Saturday, November 25, 2023

Lost to Antiquity?


Yesterday, I was reading an intriguing article posted on the BBC website. It was about Tyrian purple—not the color itself, but the entire process of producing the dye that colored materials so remarkably as to remove them to the sole domain of royalty and the powerful (or, as we'd say in our day, the rich and famous). Ever since the fall of Constantinople, the craft of producing the dye—and with it, the entire merchandising of the fabric it yielded—has been lost to antiquity.

The very name itself—Tyrian purple—harkens back to biblical days, with "Tyrian" referring to the ancient Phoenician city-state of Tyre, and calls to mind the saga of the Apostle Paul's journey to the Roman colony of Philippi where he met a woman named Lydia, a "seller of purple." According to the BBC article, Tyrian purple was worth more than three times its weight in gold, making it a pricey commodity, indeed. Yet, for all that notoriety, it seems no one today is quite sure of how it was originally manufactured.

There are many aspects of the ancient world lost to us, but it doesn't take antiquity for items we consider precious to be lost. I'm thinking now of a footnote affixed to a transcribed index of original deeds and land grants of the Watauga Purchase, in the region which included what became Washington County, Tennessee. According to that explanation at the very end of the index, page 112 of the original Deed Book A included this handwritten note:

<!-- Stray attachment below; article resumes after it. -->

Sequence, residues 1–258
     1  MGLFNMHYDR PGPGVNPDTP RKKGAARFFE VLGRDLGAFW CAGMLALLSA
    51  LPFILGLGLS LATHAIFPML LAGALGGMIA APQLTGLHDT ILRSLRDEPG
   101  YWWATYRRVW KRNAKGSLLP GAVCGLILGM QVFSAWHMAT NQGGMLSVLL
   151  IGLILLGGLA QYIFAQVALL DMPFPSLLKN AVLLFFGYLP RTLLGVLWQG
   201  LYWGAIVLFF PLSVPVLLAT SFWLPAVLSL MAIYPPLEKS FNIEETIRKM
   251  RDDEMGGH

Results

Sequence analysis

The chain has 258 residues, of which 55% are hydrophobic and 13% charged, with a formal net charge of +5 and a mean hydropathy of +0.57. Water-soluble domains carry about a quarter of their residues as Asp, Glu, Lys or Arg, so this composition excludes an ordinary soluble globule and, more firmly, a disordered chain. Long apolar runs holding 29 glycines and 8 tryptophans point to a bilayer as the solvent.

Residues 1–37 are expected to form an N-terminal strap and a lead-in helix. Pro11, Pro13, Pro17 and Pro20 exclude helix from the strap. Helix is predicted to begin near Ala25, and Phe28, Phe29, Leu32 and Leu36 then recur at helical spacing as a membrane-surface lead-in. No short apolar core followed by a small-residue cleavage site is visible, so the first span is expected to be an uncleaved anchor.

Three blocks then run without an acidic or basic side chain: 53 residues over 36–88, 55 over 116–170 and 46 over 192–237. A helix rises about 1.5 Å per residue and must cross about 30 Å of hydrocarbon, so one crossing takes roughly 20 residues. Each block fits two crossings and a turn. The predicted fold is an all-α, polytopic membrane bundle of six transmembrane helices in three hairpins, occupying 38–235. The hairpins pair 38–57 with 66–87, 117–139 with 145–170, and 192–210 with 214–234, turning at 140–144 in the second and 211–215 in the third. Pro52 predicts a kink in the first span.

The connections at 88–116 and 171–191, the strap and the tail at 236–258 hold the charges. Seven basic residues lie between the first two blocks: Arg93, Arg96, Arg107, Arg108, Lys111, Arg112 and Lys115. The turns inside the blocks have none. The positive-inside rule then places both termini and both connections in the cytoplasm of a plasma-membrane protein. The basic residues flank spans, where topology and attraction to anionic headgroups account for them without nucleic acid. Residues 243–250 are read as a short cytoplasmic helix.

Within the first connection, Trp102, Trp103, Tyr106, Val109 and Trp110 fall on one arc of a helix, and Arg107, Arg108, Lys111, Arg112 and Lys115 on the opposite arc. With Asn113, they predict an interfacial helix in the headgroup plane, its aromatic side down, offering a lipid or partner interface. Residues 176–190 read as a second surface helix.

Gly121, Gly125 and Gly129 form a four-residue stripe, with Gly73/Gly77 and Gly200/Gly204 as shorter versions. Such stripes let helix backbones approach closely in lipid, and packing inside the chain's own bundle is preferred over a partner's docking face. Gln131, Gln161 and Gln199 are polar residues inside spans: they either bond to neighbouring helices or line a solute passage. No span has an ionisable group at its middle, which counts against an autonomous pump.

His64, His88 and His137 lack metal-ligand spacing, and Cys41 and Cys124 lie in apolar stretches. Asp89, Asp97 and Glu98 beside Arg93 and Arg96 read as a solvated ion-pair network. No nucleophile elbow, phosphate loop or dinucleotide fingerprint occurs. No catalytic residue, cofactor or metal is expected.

The chrystian name of the grantee in ye Deed from Robison to fitzgarald appears to be lost by the wearing of ye paper....

Makes me wonder what else might have been lost "by the wearing of ye paper" over time. I'm thinking particularly of my Tilson ancestors, who likely moved to the area after those original deeds were drawn up, but certainly by the earliest years of the 1800s. Or for their earlier forebears, who settled in the pioneer regions of southwest Virginia long before that time. For that matter, what about all of us whose genealogical losses over time might have involved those oft-mentioned courthouse fires or other disasters?

Just like the inquisitive researcher featured in the BBC article on re-discovering a craft lost to antiquity such as the making of Tyrian purple, we are seeing inventive researchers come up with ways to discover our roots which in the past we may have felt were lost to time. Genealogical "archaeologists" are digging up past records which were once inaccessible, or illegible, or otherwise considered irreplaceably lost, and piecing together stories we thought we'd never learn. It's an exciting time for those of us yearning to discover more about our ancestors and their past. 

No comments:

Post a Comment

Related Posts Plugin for WordPress, Blogger...